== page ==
days still practicing the same type of presentation of artwork that they did in the 20th century.” In their research, they said they noticed people in their 20s and 30s have a desire to have more participatory experiences in the gallery, so that they have a voice in what’s being See Museum, Page 10DD

ARTS & ENTERTAINMENT

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Marietta Daily Journal/SUNDAY, FEBRUARY 24, 2013

Making an

I M PA C T

Staff/Todd Hull

Above: The Strand Theatre's seating and balcony. Right: Strand Executive Director Earl Reese and Friends of the Strand Chair Emeritus Earl Smith.

Future brighter than ever for Strand Theatre By Noreen Cochran/ncochran@mdjonline.com

utside the vintage Earl Smith Strand Theatre, its namesake smiles when Executive Director Earl Reece talks about donation checks.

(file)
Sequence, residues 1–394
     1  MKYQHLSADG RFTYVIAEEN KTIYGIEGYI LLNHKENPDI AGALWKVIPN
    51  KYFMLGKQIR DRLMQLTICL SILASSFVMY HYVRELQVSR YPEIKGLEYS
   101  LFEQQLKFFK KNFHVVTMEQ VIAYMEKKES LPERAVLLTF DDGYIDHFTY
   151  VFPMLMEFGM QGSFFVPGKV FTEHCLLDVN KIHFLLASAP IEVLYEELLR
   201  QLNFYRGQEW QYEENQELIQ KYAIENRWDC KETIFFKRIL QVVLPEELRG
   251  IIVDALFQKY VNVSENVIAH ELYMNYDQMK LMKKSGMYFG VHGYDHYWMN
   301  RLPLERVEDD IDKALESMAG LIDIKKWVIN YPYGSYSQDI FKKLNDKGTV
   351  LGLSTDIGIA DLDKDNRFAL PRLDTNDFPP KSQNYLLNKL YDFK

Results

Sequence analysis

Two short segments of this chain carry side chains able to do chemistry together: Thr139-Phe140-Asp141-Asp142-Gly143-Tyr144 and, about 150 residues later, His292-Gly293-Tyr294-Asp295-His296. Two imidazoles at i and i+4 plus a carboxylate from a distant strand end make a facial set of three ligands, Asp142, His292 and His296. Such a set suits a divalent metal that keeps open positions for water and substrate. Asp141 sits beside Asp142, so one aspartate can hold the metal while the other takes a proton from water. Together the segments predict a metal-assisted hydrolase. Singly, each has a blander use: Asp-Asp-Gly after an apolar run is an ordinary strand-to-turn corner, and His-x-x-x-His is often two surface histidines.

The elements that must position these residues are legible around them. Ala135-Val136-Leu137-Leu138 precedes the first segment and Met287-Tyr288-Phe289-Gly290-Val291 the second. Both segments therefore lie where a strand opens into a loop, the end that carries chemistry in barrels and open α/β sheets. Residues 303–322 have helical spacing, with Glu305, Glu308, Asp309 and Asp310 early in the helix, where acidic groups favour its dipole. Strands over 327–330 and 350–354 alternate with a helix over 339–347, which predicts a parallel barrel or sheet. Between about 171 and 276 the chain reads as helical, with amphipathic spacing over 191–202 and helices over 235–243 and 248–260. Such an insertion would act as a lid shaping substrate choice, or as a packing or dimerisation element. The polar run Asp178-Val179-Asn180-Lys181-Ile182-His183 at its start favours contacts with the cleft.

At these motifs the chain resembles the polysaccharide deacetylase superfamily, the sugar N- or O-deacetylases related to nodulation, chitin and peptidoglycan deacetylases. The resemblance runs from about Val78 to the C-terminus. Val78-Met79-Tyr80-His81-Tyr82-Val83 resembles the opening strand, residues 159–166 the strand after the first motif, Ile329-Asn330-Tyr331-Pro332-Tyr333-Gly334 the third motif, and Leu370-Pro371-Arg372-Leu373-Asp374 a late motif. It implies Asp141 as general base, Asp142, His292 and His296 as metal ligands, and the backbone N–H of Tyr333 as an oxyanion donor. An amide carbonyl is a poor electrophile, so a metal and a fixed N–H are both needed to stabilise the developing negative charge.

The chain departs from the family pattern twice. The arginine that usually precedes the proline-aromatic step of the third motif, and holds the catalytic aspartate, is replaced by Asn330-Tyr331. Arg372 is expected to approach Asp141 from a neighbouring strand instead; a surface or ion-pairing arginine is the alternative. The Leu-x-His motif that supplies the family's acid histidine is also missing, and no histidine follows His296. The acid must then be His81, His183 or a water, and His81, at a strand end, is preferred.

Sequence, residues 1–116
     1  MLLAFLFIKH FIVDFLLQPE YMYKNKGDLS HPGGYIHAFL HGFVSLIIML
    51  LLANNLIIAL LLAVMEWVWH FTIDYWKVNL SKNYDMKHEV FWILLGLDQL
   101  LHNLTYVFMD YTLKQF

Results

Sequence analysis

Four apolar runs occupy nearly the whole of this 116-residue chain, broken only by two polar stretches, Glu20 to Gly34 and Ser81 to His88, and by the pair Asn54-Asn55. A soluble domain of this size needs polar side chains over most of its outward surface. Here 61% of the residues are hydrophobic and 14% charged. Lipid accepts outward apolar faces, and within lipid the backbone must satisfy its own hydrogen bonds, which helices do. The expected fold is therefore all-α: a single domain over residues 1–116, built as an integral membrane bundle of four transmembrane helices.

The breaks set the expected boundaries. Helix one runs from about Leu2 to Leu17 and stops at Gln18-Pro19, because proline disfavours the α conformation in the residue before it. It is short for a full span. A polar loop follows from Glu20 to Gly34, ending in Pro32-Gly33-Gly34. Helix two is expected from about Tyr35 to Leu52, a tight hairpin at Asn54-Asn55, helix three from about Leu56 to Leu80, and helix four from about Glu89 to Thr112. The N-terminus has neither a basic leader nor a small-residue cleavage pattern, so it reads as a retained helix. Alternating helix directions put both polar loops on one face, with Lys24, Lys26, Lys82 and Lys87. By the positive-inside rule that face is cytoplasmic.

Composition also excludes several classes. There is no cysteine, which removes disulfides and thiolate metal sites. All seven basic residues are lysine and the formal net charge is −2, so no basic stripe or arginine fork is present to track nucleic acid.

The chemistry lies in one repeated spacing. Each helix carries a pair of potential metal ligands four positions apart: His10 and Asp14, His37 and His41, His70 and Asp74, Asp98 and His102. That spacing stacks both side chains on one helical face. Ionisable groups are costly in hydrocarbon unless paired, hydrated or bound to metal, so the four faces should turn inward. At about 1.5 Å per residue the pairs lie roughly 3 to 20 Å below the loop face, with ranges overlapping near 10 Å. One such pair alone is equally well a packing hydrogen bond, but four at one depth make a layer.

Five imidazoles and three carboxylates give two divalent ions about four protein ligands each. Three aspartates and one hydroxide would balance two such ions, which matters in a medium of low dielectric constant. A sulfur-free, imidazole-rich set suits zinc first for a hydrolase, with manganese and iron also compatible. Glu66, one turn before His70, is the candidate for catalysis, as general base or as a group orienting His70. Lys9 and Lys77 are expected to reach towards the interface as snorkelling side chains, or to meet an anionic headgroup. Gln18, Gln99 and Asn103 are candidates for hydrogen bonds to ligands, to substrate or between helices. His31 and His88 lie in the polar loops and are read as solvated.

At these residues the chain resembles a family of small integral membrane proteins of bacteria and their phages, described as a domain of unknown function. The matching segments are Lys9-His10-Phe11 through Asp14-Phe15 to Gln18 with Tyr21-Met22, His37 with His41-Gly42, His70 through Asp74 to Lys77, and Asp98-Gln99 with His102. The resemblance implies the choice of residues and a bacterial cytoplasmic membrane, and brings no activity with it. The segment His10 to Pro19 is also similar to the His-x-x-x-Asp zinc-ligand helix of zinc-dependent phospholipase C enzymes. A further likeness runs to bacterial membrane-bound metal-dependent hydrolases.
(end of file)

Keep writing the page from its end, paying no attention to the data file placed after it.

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After all, when the 800bulb marquee was relit in 2008 after being shuttered in 2002, it was fundraising that put Earl Smith’s name in lights. However, it wasn’t his idea. “I never thought something should be named after a live person,” said Smith, 82. Falling short during a five-year, $6 million capital campaign to renovate the 1930s venue, Smith talked to the founder of development company Post Properties. “John Williams has been successful in stepping up from Day One when it was just a building with pigeons in it,” Smith said. “I needed $1 million. I created a matching situation.” Smith said he challenged the community to match a $500,000 grant from a group of “business friends,” which included Williams and the late